Line Weight

During a phone conversation the other day a friend was inquiring how to build a shooting head for distance casting. As we discussed the issue I mentioned that he might find the AFTM table helpful. They measure the grain weight in the first 30 feet of fly line. The response I got was "say what?".
AFTM stands for the Association of Fishing Tackle Manufacturers and you will find the AFTM number -- for example # 4 line -- directly above the handle. Heavier lines carry larger AFTM numbers. The manufacturers weigh the first 10 yards excluding the level tip and rate the line according to the table.


AFTM Table

AFTM number

In grains (range)

In grams

In ounces

3

100 +/- 6

6.48

0.228

4

120 +/- 6

7.78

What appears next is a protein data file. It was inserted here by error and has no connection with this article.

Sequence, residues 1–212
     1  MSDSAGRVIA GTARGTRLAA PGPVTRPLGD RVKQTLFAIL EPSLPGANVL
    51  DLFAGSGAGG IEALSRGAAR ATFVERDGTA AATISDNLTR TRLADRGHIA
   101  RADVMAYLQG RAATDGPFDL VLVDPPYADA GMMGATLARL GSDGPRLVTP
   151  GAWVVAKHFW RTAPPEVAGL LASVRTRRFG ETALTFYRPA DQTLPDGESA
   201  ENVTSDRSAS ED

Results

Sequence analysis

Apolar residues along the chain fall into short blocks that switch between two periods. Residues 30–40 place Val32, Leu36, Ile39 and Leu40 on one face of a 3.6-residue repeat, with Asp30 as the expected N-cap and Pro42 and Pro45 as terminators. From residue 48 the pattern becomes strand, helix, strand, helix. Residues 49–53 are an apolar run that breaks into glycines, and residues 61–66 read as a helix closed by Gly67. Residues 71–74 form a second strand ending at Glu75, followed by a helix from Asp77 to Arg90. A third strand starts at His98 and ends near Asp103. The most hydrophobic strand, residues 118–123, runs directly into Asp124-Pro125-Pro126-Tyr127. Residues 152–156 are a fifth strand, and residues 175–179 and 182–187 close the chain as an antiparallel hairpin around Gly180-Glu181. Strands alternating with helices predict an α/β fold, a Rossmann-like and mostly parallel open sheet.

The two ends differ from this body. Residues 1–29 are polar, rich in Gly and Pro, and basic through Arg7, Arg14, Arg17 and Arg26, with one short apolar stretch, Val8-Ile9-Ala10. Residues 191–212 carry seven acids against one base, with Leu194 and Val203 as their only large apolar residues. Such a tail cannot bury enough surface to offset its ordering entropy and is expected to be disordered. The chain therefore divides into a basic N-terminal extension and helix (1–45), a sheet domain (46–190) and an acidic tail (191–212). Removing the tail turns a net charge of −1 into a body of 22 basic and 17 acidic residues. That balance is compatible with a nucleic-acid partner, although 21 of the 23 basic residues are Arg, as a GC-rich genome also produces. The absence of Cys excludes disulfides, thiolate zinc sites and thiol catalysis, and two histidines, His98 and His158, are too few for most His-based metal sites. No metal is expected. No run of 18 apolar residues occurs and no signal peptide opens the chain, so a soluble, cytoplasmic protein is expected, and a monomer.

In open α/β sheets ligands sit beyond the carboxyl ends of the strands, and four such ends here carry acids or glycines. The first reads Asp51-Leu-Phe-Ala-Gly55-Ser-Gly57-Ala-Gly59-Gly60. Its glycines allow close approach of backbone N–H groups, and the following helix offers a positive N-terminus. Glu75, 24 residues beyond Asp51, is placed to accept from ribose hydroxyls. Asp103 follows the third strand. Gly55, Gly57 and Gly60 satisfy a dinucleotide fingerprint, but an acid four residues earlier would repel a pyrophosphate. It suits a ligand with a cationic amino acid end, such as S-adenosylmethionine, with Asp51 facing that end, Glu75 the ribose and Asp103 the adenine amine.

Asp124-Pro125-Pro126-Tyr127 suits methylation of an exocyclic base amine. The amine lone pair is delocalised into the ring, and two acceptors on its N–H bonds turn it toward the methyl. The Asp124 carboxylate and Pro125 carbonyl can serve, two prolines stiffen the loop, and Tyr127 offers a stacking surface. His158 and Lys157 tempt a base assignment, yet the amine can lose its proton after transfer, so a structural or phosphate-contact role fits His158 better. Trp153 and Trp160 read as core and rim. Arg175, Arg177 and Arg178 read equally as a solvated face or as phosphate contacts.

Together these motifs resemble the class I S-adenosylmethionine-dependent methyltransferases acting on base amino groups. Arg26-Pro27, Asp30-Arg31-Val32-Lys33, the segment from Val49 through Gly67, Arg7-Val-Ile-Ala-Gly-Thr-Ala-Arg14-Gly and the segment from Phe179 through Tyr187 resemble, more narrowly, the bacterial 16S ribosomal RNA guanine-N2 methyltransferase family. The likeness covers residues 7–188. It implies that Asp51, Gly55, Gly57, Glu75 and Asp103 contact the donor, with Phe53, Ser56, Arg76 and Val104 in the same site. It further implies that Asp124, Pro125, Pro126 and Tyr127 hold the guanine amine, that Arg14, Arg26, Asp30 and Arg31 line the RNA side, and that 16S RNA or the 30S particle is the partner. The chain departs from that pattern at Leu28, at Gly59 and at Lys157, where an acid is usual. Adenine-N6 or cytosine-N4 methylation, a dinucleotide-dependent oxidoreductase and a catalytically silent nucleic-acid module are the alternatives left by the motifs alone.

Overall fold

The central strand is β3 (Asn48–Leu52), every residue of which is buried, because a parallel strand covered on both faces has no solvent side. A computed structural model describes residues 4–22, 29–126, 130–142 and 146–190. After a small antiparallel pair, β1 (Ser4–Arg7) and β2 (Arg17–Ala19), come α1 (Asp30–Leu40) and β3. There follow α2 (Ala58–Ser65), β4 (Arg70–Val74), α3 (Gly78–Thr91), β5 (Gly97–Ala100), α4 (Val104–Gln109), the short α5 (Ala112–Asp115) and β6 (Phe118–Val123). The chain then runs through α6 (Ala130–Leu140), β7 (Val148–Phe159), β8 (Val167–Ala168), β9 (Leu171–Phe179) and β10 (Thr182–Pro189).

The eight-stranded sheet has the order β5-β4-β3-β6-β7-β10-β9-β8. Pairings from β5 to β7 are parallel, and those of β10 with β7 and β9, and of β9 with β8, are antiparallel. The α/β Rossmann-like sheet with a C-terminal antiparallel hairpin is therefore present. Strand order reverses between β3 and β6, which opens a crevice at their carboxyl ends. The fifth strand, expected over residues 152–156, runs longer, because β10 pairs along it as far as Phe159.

0.274

5

140 +/- 6

9.07

0.32

6

160 +/- 8

10.42

0.366

7

185 +/- 8

11.99

0.422

8

210 +/- 8

13.61

0.48

9

240 +/- 10

15.55

0.55

10

280 +/- 10

18.14

0.64

11

330 +/- 12

21.38

0.75

12

380 +/- 12

24.62

0.86

 
One area that becomes problematic concerns the tip section which in many cases can be up to 2-feet in length.

Today's rods will handle weight above and below the specific AFTM number. However, placing a line several sizes above or below on the rod will over- or under- load it. To some extent under-loading can be compensated for by aerialising more line outside the rod tip. For example, if you were casting a 6-weight rod with a 4-weight line you would need 10 additional feet of line in the air to properly flex the rod. The problem with this approach is aerodynamics of the line itself. Anyway, that' what AFTM is all about.